Baking & Beer! | I "Choux's" You!
Updated: Aug 4
Welcome to the first edition of Baking & Beer!
Tell me - how do you spend your Friday evenings? I get to the end of the week and i experience this disorienting duo of sensations: exhaustion from surviving the past five days and excitement from knowing I have no responsibilities for two days.
I definitely do not want to go out on a Friday night because I am tired. Unless we are going to Art After 5 at the Philadelphia Art Museum because that is my happy place and it is over at 8:45 PM. However, I also don't want to waste a Friday night by binge watching Tipping the Velvet until 3AM, then realizing what time it is and that I still haven't eaten dinner. I haven't done that in a long time, but the shame is still palpable. The point is this: I am too old to go out on the town, but too young to be legitimately ok with that fact.
As I was trying to wrangle with these conflicting feelings, the solution suddenly dawned on me. What is better way to spend your Friday night that experimenting with baking basics? Let me tell you what is a better way - experimenting with baking basics while kicking back a beer, that's what. And that is what I will be doing! I don't know why, exactly, this feels like reconciliation between wanting to stay in and wanting to go crazy. I think it's pretty clear to all of us here that there is nothing crazy about this plan. Except that I did stay up until 2AM making the baked goods below. That was kind of crazy. But I hope you enjoy this Baking & Beer series, whether you read it on Friday night in your bed or while nursing a hangover on Saturday morning, you crazy animal.
In this first edition of Baking & Beer, we are going to be tackling PÂTE À CHOUX! Pâte à choux (pronounce it like pat-a-shoe) is used to make cream puffs, eclairs, gougeres, and other doughy delights that are airy, light, and hollow in the middle. It's not puff pastry - we'll take a look at that later on - so you are just going to have to suck it up and call it pâte à choux. The word "choux" means cabbages... and don't cream puffs totally look like brussel sprouts? The thing that makes pâte à choux so fluffy and light is the water in the dough. When the heat of the oven hits the water it turns it to steam which makes the dough rise. The proteins from the eggs and butter set the dough and keep it from falling back down - if you cook the choux correctly, which, as you will soon discover, is a little tricky.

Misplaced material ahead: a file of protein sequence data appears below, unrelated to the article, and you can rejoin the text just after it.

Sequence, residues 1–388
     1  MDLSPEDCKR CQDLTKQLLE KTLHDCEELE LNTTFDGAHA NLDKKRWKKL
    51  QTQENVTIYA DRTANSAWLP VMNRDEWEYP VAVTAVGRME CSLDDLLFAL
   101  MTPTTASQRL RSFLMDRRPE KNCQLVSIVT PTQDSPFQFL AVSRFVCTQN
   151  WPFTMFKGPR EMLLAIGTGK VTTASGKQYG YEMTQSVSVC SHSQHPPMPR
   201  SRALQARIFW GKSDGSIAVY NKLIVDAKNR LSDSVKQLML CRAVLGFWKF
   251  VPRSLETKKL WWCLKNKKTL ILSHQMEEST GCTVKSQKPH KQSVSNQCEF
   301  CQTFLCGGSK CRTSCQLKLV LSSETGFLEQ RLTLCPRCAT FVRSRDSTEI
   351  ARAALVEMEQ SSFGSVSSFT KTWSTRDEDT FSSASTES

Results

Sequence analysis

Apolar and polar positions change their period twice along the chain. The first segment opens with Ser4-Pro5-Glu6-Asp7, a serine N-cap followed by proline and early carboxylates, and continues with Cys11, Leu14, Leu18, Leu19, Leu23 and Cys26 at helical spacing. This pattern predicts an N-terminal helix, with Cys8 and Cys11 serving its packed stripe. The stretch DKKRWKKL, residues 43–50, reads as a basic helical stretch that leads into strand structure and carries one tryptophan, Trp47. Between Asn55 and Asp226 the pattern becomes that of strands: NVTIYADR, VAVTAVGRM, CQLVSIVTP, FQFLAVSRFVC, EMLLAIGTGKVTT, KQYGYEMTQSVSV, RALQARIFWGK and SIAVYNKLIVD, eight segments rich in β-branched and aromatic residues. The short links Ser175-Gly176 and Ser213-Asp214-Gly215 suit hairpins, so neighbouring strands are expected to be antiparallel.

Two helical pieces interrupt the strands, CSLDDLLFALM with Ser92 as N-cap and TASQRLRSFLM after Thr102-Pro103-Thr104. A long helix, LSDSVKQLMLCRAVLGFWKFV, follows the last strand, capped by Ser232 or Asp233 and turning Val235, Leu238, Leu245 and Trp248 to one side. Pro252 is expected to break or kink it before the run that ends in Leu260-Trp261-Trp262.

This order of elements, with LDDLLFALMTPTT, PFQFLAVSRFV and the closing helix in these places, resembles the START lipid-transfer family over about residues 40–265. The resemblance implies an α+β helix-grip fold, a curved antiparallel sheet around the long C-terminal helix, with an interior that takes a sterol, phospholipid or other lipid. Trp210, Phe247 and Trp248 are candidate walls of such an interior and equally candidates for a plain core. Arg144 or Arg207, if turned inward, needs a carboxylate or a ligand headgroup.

Ok, first we gather our ingredients -
1.) 250 grams water (or 170 grams of water and 80 grams of milk)
2.) 4 grams of salt
3.) 5 grams of sugar
4.) 125 grams of butter
5.) 150 grams flour
6.) 250 grams eggs
7.) Your beer
I highly, highly suggest using the grams because the proportions matter a lot for pate a choux, but if you don't have a scale, here's a rough conversion:
1.) 1 cup water (or 2/3 cup water and 1/3 cup milk)
2.) 3/4 tsp salt
3.) 1 1/4 tsp sugar
4.) 9 tbsp butter
5.) 1 1/4 cup flour
6.) 4 eggs
7.) Your beer
The making of the dough is super easy! All these tips come from Mercotte, the adorable queen of pastry.
The first easy thing you do is throw the water, butter, salt, and sugar together in a saucepan and bring it to a simmer. Don't let it boil! You don't want to mess up the proportions. Immediately after the mixture starts simmering, take it off the heat and add all the flour into the pot all at once. BAM! Flour bomb. Mix, mix, mix until the flour is incorporated and the dough pulls itself together. Now put your dough back on the stove and stir the dough over the fire until a film forms on the bottom of the pan. You are doing this to dry out the dough a little. It will make your choux all nice and fluffy. But don't over dry the dough - once the film forms on the bottom of the pan, take the pan off the heat.
Now dump the dough in a mixing bowl. Beat the dough so that it cools down to about room temperature. Beat the eggs together, then mix them into the dough little by little. Beating them first guaruntees that the whites and yolks are distributed evenly through the dough. The dough should end up being "like satin." It will be smooth, and when you dip a spoon in the dough and pull it out, a little "V" of batter should form on the end of the spoon. Another way to do a batter check is to draw your finger through the dough. If the channel you created with your finger slowly closes up behind you, you've done good. The batter is done now. You are doing so well!